On Monday, I will start a new job as a remote software engineer at Articulate. My only remote working experience to date was in grad school, where my research sponsor organization was around 50 miles from campus. I commuted in every Friday, and spent the rest of my time working remotely. It was a mixed bag - I set my own hours, but I was a grad student. I had no sense of boundaries. I was on an island - the other 2,000 people in the organization were all on-site. I didn't really know what I was getting into, and I had no support structures in place.
The circumstances now are dramatically different then back then. Articulate has been a fully remote organization since day 1. I've gotten much better at setting boundaries around work. I think I'm going into it eyes open, but I want to document my hopes and expectations about remote life going into it.
At my past job as a rocket scientist, I worked 9-10 hour days, spent half an hour commuting, and frequently worked through lunch, grazing on goldfish or free meeting food. Stress was high, I spent half my time in meetings. Work had its thumb on the scale of work-life balance. I never went to the gym: before work was way too early for me, during work would leave me sweaty and gross, and after work I was always drained.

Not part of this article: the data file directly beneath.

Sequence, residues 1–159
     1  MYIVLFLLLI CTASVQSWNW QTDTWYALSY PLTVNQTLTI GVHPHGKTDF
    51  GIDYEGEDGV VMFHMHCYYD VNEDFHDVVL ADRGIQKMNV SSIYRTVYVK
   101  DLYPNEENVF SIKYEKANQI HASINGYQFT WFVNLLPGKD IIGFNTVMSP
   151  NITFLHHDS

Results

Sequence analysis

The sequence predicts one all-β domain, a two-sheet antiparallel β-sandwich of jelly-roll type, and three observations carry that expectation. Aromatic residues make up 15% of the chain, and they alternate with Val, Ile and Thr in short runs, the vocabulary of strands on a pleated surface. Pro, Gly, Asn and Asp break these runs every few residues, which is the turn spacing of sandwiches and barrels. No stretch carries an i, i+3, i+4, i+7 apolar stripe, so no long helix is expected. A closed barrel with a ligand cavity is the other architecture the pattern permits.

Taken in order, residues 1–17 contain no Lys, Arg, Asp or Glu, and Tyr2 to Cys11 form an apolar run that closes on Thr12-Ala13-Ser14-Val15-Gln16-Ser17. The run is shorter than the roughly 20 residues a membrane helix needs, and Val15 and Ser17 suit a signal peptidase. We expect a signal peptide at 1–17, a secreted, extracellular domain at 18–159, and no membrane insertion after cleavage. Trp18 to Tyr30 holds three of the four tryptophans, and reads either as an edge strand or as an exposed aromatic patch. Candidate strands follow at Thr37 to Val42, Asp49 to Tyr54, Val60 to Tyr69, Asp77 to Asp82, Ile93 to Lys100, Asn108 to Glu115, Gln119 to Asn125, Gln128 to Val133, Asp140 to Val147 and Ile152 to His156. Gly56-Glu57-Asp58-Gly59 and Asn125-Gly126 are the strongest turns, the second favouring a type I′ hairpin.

I'm hoping this changes. In grad school, I went to the gym almost every day in the early afternoon, cooked healthy lunches, and still got tons of work done. I'm expecting to be able to walk the dog in the morning and afternoon, to eat homemade lunches most days, and to go to the gym in the early afternoon like I used to.
I'm so excited to be freed from the open floor plan nightmare, to be freed from a tetris calendar of meetings, and to be freed from drop-in idle chit-chat. Getting back long blocks of uninterrupted time to just do work and get things done - how could it not be more productive, even factoring in the increased difficulty of collaboration?
I haven't been with family for Thanksgiving since moving to Seattle. Traveling around Thanksgiving is expensive and stressful and PTO balances are never quite high enough. It always comes down to Christmas vs Thanksgiving, and Christmas always wins. If I just pad out my stay and work from my parents' house a few days before or after, then I might be able to strike the balance of getting home for holidays without missing huge blocks of work or having nightmare travel situations.
No more company-issue computer, desk, chair, lighting, and decor. I've instead been supplied with my choice of computer equipment, and I get the freedom to design my home office however I like. I can open the windows and hang out with the dog, all with a fifteen second commute.
I failed at this in grad school. I did some of my best work after midnight or on the weekends. It burnt me out. I'm hoping to take a much more rigid approach this time around. Our house is small, so I'm expecting my home office space to already be dual-use with my personal computer. I'm planning to just set up an entire second desk, chair, and computer in the office for work. One desk for play, one desk for work. After a good day's work, the work setup gets turned off, and that's that. It won't quite be wholly separate offices, but it's as close as I can do - I hope it's enough.